Even though fitting the Wheel Of The Year to the Australian climate requires much juggling, I have found much symbolism and discovery within its framework.
At the Sabbats, I give thanks for His light, His energy, His yearly sacrifice.
I love the concept of the Horned God and His Wild Hunt.
Yet, honoring The God has always been an outer activity, one to celebrate and share with my family.
Honoring The Goddess is a personal and quiet affair, Her mysteries aren’t conducive to sharing, they are just known and understood.
Polarity and equality has just not worked for me.
Working with both God and Goddess at every rite, every working.
I tried, but it never rang true to me.
I believe this is to do directly with Hecate.
Other Goddesses pair well with their masculine counterparts, Aphrodite and Pan at Beltane, for instance.
But Hecate just seems to have both bases covered in this regard.
She feels whole and complete.
Hecate is a loner, a solitary Goddess.
She also carries symbols that are considered to be masculine, her sword and her torches.
Hecate is enough for me, she fulfills me in ways a pair of Deities just do not.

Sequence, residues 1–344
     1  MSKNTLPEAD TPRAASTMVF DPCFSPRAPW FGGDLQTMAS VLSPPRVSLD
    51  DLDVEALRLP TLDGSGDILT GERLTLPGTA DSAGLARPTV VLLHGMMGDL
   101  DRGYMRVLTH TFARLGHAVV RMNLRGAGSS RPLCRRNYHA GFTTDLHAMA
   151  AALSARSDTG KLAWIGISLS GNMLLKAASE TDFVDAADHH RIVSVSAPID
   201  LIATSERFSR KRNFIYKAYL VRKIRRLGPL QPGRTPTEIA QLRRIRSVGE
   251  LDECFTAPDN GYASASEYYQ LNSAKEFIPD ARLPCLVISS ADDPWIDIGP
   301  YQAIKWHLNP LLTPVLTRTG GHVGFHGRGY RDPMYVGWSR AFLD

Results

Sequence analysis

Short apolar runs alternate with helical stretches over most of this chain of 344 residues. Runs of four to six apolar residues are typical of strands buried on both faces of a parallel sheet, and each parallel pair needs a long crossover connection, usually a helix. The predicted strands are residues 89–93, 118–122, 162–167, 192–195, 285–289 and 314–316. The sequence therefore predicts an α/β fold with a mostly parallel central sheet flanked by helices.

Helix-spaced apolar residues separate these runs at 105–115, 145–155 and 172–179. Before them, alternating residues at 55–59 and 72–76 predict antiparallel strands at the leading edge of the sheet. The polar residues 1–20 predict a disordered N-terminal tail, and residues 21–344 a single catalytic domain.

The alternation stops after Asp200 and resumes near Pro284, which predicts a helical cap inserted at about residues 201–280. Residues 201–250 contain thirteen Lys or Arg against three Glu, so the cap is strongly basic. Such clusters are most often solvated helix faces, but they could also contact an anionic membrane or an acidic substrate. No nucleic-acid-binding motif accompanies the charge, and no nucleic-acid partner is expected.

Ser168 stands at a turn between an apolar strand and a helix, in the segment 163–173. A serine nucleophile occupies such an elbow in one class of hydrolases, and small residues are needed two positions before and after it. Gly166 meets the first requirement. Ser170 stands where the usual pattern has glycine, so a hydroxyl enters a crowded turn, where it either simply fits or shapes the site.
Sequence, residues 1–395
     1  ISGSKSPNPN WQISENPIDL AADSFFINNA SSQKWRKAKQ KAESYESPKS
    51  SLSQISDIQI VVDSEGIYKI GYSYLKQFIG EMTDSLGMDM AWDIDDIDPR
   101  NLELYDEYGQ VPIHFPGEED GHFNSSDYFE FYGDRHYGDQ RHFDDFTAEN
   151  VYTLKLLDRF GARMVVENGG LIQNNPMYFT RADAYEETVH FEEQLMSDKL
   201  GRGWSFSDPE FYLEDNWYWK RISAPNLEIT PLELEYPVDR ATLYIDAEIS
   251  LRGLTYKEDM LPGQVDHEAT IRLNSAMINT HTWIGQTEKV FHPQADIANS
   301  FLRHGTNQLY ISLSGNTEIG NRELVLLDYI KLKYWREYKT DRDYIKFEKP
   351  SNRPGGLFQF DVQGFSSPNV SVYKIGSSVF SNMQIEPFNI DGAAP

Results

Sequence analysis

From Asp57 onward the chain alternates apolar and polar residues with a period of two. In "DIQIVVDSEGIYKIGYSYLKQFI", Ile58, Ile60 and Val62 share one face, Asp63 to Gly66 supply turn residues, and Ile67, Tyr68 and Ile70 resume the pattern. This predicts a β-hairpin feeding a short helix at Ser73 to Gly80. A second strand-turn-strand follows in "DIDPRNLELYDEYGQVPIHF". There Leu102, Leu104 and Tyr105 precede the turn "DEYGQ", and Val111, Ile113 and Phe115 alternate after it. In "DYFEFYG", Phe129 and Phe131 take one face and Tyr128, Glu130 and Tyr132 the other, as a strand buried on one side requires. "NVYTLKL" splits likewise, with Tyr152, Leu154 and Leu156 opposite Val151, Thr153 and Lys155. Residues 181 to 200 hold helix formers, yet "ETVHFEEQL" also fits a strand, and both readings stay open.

But then, this is why I am a proud solitary.
I can work my path any which way I please.
I am not bound by tradition, either in the larger sense or with the traditions and beliefs of a specific coven.
My path is mine and mine alone, I can do with it as I please.
Or maybe, as She pleases.
At this time, as the sun wanes in the sky, as the days become noticeably shorter, I feel the pull of The Dark Goddess.
From now until the Wheel turns anew, my path is that of the Dark Moon, the Dark Goddess and The Underworld.
It is time to draw within, to learn of myself and the sometimes harsh, sometimes compassionate, face of the Dark Goddess.
Who better than to lead the way down these darkened paths and the treacherous caverns of The Underworld, than that ancient guide herself, Hecate.
Aphrodite is well-known as the Goddess of Love.
She also goes by the names Lover of Laughter and The Golden One.
I believe these two titles sum up the sparkling energy of Aphrodite, the original Mother Goddess.
Beltane and Litha is the time of the year when the magic of Aphrodite is most strongly felt, when you don’t have to be Pagan to feel her abundant summer energy.
As summer begins, Aphrodite awakens the earth, just as she awakens our spirit.
Her passion can be felt in the lengthening days, the flourishing earth, the growing heat of the sun.
As the roses bloom, so to does the influence and love of Aphrodite.
As the Goddess of Love, Aphrodite brings peace, compassion and civilization to humanity.